In recent years substances being either estrogenic or anti-estrogenic depending on the tissue where the action is exercised, the so-called selective estrogen receptor modulators (SERMs), have been developed further [for reviews see [1–3]]. Tamoxifen (estrogen antagonist in breast, agonist in uterus) is the most commonly used substance for treatment of women with ER positive breast cancers and well known to decrease the risk of breast cancer when given prophylactically . However, the risk of developing endometrial cancer is increased 3-fold in TAM treated women . Raloxifene is a representative of the next generation of SERMs where the agonistic effect on the endometrium has been reduced . ICI182780 is a pure estrogen receptor antagonist , for both ERα and ERβ . This substance is now also known as fulvestrant (Faslodex, Astra-Zeneca) , and has recently been approved by FDA in the USA for treatment of hormone-receptor-positive metastatic breast cancer in post-menopausal women with the disease progressing following anti-estrogen therapy.
In the uterus the proliferative effects of estrogens are mediated, at least partly, by growth factors, e.g. IGF-I and epidermal growth factor (EGF) [8–10]. Estrogen treatment has been shown to increase IGF-I mRNA levels in rodent uteri [8, 9, 11]. Treatment of ovariectomized rats with IGF-I resulted in an increased uterine weight as compared to controls . Studies in IGF-I knockout mice have shown that it is not only the locally produced IGF-I that affects uterine development and epithelial proliferation, the systemic levels of IGF-I are more important than previously thought . Tamoxifen acts as an estrogen agonist in inducing endometrial expression of IGF-I .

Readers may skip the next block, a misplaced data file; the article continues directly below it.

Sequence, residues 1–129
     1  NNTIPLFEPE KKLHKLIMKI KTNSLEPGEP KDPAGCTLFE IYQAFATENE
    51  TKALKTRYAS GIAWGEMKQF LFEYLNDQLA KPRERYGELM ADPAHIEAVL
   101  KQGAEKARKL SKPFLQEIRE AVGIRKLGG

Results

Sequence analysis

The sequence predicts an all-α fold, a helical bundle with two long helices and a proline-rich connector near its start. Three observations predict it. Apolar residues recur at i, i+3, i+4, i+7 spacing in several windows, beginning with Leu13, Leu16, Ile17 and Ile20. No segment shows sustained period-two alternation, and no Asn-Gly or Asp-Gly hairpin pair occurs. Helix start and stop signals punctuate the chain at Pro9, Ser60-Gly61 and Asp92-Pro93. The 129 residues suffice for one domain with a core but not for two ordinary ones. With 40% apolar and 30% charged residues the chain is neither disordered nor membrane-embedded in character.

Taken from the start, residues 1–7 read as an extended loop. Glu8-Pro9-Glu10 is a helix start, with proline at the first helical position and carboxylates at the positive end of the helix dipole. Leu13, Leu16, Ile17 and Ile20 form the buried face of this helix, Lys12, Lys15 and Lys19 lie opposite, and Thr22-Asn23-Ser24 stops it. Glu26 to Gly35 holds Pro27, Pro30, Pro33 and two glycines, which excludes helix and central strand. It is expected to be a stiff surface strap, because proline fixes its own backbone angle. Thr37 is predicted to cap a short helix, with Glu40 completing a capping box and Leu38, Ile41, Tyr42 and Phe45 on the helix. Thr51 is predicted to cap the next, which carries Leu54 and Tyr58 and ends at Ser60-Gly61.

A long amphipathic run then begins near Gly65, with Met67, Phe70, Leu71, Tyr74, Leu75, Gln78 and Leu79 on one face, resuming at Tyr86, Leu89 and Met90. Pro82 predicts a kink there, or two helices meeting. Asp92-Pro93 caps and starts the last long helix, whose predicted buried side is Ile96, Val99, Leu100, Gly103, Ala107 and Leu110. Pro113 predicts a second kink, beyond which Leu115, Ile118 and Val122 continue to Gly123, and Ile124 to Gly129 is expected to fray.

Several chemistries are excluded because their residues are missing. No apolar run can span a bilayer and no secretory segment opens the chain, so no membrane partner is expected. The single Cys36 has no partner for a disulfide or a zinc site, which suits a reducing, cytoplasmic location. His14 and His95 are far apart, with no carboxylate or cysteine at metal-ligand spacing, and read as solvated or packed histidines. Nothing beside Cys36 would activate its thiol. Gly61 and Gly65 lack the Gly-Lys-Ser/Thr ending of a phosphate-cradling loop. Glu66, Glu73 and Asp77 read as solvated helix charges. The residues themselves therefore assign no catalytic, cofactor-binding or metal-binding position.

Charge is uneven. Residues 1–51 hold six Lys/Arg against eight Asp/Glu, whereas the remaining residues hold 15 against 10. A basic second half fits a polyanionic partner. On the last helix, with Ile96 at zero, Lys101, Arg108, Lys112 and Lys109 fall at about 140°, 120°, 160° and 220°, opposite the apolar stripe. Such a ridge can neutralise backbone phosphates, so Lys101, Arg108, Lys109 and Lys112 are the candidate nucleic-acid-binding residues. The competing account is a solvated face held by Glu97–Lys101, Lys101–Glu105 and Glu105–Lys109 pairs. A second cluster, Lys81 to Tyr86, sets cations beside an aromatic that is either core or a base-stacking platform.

GH receptor/GH binding protein immunoreactivity has been found both in endometrium and myometrium of rats . In GH receptor/GH binding protein knock-out mice the GH resistance leads to reduction of peripheral IGF-I levels. This is associated with delayed puberty of the females, alterations in fetal and placental growth, delay of parturition and a reduced litter size .